“Avatar’s Pandora is real and it’s here in Philippines!”

This is the thought that crossed my mind and dimly cheered it as we were silently sailing in darkness, suspended between two equally magnificent worlds: a starry sky above and a glittering sea below us.

Bio-luminescent plankton left a faint trail in the wake of the boat, while thousands of fireflies were blinking in unison in the mangrove trees around us. It was quite wondrous to feel this natural pulse of life, like a planetary heartbeat.[/one_half][one_half_last]If not for the approaching storm, we would have stood there in awe, slowly taking it in while remembering to breathe again. Muffled thunders occasionally shattering the silence and the dimming of stars were a good addition to this dreamy landscape, snapping us back to reality. Our time there was limited and we wanted to capture a few mementos before being chased away by a capricious nature.

But I digress from the story’s objective. By now you’re probably wondering where on Earth this place is and how can you get there to experience it yourself. The magic takes place in Donsol village, located at the southern tip of Luzon island. The plankton-rich waters in the area attract hundreds of whale sharks which congregate there between February and May. Locals call these gentle giants “Butadings” and they have an obvious respect towards the animal that helped transform their modest fishing village in one of Philippines’s top attractions.

And rightfully so, Donsol, famous for the whale shark interaction found its way into our two weeks itinerary through Philippines. Back then, Andra and I couldn’t have known that the whale sharks will elude us, but it was ok since we were treated with a different yet similarly stunning experience.

 

Just as the saying goes:

“it’s not the destination, it’s the journey”, our adventure started a few days before the time described in the entry paragraph.

After a multiflight trip from Chengdu, the first leg of the journey got us to Manila. It is here where we got a first taste of the Philippines culture. Many folks would argue that Manila is one of the worst traveling places in Southeast Asia, but I will politely challenge that assertion. Granted, it’s a bustling city, overcrowded, cars are breezing through red lights, there’s plenty of pollution and overflowing trash. But, Manila has its own charm; and if you know where to look, there are hidden gems waiting to be uncovered. For once, people are relaxed, polite and overly-friendly (to the point of becoming annoying if you mistake friendliness with hassling). It probably takes a day or two to fully adapt to the city’s rhythm – and then the fun starts. If I were to choose just three attractions for a brief stay, they will be as follows:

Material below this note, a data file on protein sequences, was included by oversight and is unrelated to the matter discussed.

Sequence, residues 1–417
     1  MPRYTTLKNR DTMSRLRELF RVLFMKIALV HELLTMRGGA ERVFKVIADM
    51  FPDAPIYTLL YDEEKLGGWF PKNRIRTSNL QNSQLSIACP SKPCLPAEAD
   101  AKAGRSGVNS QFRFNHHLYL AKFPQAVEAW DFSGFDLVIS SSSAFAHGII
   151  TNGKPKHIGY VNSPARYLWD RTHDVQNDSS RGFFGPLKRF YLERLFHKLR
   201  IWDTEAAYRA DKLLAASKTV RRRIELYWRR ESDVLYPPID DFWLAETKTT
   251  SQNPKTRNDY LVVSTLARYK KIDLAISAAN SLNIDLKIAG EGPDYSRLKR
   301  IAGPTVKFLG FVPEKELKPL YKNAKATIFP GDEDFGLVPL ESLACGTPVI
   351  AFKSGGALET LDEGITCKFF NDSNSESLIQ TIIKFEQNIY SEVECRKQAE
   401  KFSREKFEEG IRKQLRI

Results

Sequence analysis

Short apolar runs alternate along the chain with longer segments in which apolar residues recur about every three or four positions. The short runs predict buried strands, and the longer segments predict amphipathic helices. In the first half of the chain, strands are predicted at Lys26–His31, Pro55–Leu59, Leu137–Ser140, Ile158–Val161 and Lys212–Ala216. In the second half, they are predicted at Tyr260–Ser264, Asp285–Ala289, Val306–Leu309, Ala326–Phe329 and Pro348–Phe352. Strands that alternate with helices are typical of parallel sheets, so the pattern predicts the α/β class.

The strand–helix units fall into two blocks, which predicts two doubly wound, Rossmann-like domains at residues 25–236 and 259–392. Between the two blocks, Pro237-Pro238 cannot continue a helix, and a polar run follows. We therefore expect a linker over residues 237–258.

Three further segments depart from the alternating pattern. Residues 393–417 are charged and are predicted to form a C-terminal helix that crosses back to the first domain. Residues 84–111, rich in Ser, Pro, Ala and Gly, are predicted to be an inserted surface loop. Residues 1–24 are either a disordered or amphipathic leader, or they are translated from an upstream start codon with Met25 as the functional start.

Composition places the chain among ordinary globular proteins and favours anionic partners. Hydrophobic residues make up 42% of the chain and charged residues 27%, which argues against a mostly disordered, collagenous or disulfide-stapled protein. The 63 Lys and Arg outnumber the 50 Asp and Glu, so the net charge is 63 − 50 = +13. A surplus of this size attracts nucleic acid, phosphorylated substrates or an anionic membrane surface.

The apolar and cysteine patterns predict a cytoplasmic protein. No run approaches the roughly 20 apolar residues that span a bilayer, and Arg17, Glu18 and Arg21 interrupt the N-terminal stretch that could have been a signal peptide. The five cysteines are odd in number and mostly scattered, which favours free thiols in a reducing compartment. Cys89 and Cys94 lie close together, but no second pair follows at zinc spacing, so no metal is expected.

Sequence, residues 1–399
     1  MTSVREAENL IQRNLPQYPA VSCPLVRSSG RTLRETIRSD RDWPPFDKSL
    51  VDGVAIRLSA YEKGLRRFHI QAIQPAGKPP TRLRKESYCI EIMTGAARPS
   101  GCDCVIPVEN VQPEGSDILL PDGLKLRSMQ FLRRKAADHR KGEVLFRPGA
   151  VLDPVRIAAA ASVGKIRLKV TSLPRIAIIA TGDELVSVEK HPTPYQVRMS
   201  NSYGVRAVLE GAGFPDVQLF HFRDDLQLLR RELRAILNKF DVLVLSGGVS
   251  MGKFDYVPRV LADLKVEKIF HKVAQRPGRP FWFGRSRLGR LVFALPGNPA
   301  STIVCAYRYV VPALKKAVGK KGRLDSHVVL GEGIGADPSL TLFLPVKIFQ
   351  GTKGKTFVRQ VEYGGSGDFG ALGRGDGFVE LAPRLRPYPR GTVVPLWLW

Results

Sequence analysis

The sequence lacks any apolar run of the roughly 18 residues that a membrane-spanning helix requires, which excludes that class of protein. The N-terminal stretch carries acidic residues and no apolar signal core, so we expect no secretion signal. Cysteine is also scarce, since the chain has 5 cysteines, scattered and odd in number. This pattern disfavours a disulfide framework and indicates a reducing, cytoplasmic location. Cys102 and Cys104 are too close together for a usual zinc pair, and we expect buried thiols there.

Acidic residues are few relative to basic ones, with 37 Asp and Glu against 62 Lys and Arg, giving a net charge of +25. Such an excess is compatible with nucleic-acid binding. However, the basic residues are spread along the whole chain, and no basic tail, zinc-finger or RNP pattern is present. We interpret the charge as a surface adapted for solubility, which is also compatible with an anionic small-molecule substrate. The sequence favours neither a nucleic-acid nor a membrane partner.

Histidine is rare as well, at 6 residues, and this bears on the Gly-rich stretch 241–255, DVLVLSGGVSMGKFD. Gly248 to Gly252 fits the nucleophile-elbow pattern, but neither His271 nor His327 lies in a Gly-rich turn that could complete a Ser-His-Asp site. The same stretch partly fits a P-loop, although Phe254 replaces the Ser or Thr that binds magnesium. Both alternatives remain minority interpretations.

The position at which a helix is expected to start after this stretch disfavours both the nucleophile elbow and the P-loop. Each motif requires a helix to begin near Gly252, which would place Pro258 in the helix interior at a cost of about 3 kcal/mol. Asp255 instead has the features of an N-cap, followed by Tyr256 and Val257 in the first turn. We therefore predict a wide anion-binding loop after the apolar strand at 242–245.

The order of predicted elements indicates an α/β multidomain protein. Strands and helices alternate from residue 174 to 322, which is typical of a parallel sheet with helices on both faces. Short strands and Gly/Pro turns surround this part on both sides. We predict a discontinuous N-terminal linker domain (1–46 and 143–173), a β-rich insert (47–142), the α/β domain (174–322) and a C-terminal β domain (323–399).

1. The Manila Bay with its spectacular view: a blend between the city skyline and boats on blue water, under a blue sky.

2.The rainbow colored and excessively decorated jeepneys, which are the back bone of the transportation system. They’re a great way to explore the city’s attractions or do mall-hopping.

3. The food, especially anything that has “adobo” in its name. And since we’re talking about food, if you feel particularly adventurous, you should try the balut egg. It’s a hard boiled duck egg containing a partially developed embryo. The description may not sound particularly inviting, but it does taste surprisingly good. Understandably, Andra decided to stay away from it, but I can vouch for the taste

By the time we finally reached Donsol it took us 12h and required changing three buses. Everything hurt, but we got there right in time to catch the sunset – and the view alone was damn worth the effort.

As hinted in the beginning, the sharks were very few and hard to spot at that time of the year (late February). Two days after our arrival we went in search of butadings and spent four hours chasing them to no avail.

Upon returning to our lodging, slightly disappointed as one can expect, a newly made friend suggested the firefly tour. So we teamed up with a few other people and.. you know the rest.

We found out this way that Donsol has plenty more to offer besides whale sharks, and in the right conditions the firefly tour is an outstanding experience transcending expectations.

I remember that on the way back the rain caught up with us and – as we huddled in the small fishing boat under a tarp – you could see everyone’s faces brightened up by smiles. It was pitch black, we could only glimpse each other when lightning flashed across the sky or when passing near buoy lights, and we were a bit afraid because waves were getting stronger. Still, the fear couldn’t wash away the mix of positive feelings brought by nature’s almost surreal spectacle.

A wider selection of photos from this trip is available on Razvan’s site here.

 

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